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article imageSamba gets things swinging in Rio favela badminton school

By Claire De Oliveira Neto (AFP)     Aug 11, 2016 in Sports

A Rio favela teacher uses the rhythms of samba to teach 200 children badminton. If that sounds like an unlikely mix, get this: his son is representing Brazil in the Olympics.

Every evening, young children and adolescents climb a steep slope to the blue gym in Chacrinha favela, a working-class community of around 5,000 people blighted by drug violence.

For two hours, the samba plays and the kids practice badminton. With their choreographed footwork and moments like when they all throw shuttlecocks in the air at the same moment, it looks more like ballet than sports.

Children take part in a badminton training within the social project Bamon created by Sebastian Dias...
Children take part in a badminton training within the social project Bamon created by Sebastian Dias de Oliveira (not in frame) in Morro da Chacrinha, a slum in western Rio de Janeiro on August 10, 2016
Tasso Marcelo, AFP

"They remember the movements more easily by dancing and they get less bored. The samba rhythm of one, two, three is perfect for a game like badminton," says Sebastiao Dias de Oliveira, 51, who spent years perfecting what he calls the "Bamon" method.

De Oliveira, whose gym is part of the Miratus NGO he founded 20 years ago, says he came up with the idea when he realized the potential of samba while listening to the beats of a tambourine.

- Rhythm, concentration, coordination -

Children take part in a badminton training within the social project Bamon created by Sebastian Dias...
Children take part in a badminton training within the social project Bamon created by Sebastian Dias de Oliveira (not in frame) in Morro da Chacrinha, a slum in western Rio de Janeiro on August 10, 2016
Tasso Marcelo, AFP/File

"People think all Cariocas (Rio residents) can dance samba, but it's not true," he says. "Most children who get here can't dance. They learn the rhythm, concentration and coordination."

After training come competitions in which children who are not playing watch to learn from the others.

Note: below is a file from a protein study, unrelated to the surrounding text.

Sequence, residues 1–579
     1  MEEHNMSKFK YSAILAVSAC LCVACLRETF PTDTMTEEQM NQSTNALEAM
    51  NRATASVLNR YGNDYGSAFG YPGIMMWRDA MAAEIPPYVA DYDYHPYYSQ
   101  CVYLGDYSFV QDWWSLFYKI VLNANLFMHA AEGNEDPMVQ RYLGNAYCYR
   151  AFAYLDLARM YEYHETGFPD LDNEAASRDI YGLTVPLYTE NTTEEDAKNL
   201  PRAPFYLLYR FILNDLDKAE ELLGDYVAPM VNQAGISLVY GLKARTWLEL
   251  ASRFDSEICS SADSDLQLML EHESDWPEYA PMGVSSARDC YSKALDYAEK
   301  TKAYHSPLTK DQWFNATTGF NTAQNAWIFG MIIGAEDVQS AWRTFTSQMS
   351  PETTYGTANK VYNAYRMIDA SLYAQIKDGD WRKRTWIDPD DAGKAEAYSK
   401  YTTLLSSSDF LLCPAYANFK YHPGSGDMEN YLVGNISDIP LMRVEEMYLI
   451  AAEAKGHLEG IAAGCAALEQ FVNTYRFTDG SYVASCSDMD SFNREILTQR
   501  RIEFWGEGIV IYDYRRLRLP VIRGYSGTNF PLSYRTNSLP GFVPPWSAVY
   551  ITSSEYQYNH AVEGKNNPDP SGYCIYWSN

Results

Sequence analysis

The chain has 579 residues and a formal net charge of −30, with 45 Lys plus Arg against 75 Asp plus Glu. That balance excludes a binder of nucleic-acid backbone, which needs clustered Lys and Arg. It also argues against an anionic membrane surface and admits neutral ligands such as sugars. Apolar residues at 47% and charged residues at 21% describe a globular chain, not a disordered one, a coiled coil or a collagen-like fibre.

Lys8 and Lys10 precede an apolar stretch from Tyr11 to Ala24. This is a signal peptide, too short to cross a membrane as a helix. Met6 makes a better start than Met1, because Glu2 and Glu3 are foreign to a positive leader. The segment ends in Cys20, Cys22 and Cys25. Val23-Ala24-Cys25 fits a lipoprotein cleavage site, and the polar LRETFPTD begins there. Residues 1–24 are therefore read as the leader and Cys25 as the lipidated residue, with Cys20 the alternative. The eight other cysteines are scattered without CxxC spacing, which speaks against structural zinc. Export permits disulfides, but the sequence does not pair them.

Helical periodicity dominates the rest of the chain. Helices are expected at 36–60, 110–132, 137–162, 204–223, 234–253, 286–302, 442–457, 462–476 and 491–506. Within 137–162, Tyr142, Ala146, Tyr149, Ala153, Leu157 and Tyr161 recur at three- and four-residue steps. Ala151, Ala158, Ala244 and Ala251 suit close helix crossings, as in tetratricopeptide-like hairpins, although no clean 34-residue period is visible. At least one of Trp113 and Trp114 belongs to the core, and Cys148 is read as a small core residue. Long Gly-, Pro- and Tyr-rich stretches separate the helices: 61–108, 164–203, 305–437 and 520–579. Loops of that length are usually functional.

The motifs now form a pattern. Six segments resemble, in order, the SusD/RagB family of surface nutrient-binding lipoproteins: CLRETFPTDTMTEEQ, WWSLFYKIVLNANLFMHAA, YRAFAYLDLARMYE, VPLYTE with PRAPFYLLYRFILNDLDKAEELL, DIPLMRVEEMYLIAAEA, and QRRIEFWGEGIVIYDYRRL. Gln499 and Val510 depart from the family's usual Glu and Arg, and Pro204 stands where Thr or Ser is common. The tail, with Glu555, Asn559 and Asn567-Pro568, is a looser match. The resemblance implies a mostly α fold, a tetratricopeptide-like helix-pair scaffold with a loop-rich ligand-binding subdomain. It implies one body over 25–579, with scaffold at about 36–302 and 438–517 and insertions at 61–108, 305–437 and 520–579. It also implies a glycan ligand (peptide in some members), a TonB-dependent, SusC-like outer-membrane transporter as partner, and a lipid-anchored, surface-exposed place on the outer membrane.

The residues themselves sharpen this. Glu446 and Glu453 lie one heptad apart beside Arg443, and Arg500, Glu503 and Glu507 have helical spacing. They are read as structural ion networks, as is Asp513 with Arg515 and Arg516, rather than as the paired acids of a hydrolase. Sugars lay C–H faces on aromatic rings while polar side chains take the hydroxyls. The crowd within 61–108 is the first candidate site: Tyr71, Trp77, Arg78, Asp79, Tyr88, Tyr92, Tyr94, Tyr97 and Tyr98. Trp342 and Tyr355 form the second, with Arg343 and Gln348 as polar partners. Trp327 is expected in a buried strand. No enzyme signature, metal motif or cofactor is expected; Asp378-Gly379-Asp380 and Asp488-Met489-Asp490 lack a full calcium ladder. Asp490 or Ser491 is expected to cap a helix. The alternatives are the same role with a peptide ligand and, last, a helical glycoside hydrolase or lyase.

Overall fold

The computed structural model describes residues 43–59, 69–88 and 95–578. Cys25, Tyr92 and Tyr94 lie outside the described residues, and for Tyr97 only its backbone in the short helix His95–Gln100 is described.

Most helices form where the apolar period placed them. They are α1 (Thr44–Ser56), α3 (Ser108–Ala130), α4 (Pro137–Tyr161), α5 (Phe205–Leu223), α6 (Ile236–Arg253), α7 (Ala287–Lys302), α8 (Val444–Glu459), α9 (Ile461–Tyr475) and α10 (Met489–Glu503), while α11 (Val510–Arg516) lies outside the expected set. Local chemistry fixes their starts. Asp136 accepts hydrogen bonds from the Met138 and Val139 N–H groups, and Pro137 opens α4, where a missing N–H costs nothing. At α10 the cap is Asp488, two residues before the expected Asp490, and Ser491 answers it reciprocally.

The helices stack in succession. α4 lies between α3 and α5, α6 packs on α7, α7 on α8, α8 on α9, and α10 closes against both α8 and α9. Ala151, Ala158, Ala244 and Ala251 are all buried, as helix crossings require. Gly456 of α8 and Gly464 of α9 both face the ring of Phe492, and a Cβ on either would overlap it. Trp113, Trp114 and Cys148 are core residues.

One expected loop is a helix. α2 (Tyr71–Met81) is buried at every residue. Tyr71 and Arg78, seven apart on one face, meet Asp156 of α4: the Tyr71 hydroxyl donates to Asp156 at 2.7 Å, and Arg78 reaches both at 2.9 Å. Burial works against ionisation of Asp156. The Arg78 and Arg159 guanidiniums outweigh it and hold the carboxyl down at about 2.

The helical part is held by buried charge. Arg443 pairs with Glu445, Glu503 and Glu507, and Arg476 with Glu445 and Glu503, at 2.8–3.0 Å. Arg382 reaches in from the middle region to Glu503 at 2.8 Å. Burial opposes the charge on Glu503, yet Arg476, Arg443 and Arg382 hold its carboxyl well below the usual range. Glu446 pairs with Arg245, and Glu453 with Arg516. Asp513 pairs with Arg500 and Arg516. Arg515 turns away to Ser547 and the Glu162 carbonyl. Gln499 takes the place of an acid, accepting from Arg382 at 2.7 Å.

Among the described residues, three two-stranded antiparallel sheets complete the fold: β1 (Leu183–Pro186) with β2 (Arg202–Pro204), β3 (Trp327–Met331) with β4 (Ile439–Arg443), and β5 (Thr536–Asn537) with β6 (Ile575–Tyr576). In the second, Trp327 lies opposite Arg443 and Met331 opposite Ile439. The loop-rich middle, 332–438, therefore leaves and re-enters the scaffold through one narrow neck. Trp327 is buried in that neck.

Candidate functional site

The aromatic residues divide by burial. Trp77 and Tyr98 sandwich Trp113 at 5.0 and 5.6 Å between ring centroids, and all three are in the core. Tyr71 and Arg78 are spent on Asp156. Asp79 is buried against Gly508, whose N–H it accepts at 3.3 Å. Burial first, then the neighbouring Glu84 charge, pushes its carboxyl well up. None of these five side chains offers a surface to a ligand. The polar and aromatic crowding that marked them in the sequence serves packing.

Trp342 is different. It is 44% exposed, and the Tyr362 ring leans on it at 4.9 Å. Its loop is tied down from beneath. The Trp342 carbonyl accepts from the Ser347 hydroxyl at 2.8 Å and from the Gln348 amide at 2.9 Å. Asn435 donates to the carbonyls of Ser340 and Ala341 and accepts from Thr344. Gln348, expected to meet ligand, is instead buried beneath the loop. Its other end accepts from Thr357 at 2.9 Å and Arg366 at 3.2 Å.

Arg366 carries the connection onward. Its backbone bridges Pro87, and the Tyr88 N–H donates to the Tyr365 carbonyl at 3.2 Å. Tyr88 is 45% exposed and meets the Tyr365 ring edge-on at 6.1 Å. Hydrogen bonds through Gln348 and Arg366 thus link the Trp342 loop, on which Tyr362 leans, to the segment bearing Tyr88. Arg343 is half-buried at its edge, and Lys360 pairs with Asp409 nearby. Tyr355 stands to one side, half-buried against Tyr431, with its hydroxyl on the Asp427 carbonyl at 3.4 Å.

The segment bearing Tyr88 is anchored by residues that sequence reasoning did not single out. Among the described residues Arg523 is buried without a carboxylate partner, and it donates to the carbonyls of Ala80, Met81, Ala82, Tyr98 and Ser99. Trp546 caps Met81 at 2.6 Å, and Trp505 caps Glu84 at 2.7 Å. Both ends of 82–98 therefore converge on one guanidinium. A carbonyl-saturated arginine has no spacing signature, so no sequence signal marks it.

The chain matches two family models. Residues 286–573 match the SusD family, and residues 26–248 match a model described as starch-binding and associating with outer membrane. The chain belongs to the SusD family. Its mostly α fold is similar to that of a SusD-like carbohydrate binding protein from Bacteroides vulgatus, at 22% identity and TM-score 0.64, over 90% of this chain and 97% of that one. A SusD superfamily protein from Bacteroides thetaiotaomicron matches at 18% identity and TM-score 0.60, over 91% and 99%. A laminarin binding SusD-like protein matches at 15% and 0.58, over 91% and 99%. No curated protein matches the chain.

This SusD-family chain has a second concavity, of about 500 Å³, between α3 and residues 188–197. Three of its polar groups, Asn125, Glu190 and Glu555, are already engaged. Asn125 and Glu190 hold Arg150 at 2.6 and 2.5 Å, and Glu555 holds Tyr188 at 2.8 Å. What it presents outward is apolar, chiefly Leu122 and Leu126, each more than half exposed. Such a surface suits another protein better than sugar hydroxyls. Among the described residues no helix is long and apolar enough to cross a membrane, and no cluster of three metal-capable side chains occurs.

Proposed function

"I can't explain how I feel. It's emotion, I feel happy, I feel important," says ten-year-old Pedro Vinicius, a Brazilian champion for his age who ends training with a big smile on his face.

The original training method seems to be bearing fruit. Chacrinha is badminton powerhouse where nearly 60 percent of junior-level medal winners get their starts.

In the Olympics now unfolding in Rio, de Oliveira's 19-year-old son Ygor Coelho will compete on Saturday, hoping to repeat the exploits of another favela dweller, judo gold medalist Rafaela Silva.

"I don't think my son has a chance of a medal, but he also got his start in a social project and that's worth a medal by itself," the proud father says. "If he becomes a star, he'll get out of here and go and help others."

- Exclusion to inclusion -

Children take part in a badminton training within the social project Bamon created by Sebastian Dias...
Children take part in a badminton training within the social project Bamon created by Sebastian Dias de Oliveira (not in frame) in Morro da Chacrinha, a slum in western Rio de Janeiro on August 10, 2016
Tasso Marcelo, AFP/File

De Oliveira's efforts to provide children a path forward -- which includes help with their studies -- stem from his own experience of exclusion.

His mother worked as a domestic servant for a government minister who did not want her child in the house. The politician used his influence to put de Oliveira into a home for young delinquents.

"He shut me out," de Oliveira says.

He stayed there from age seven to 18, seeing his mother again only when he was 12. "She had left her work and managed to rent a small place in the suburbs," he said.

"I had to work in the local garbage dump to help my mother, collecting what I could to sell and to find food to eat."

"I could have gone a bad way, I could have got into drug trafficking, but a teacher from the detention center helped me when I was 16 to go on the right path," he added. "Now I'm paying that back."

The story may sound shocking, but it surprises no one in the tough favela environment.

Another teacher at Miratus, Aleksander Silva, 32, says his whole family was involved in trafficking. He escaped thanks to badminton.

"It's what saved me," he said. "I could have become a trafficker and I'd be dead by today."

More about oly, 2016, Badminton, Rio, Brazil
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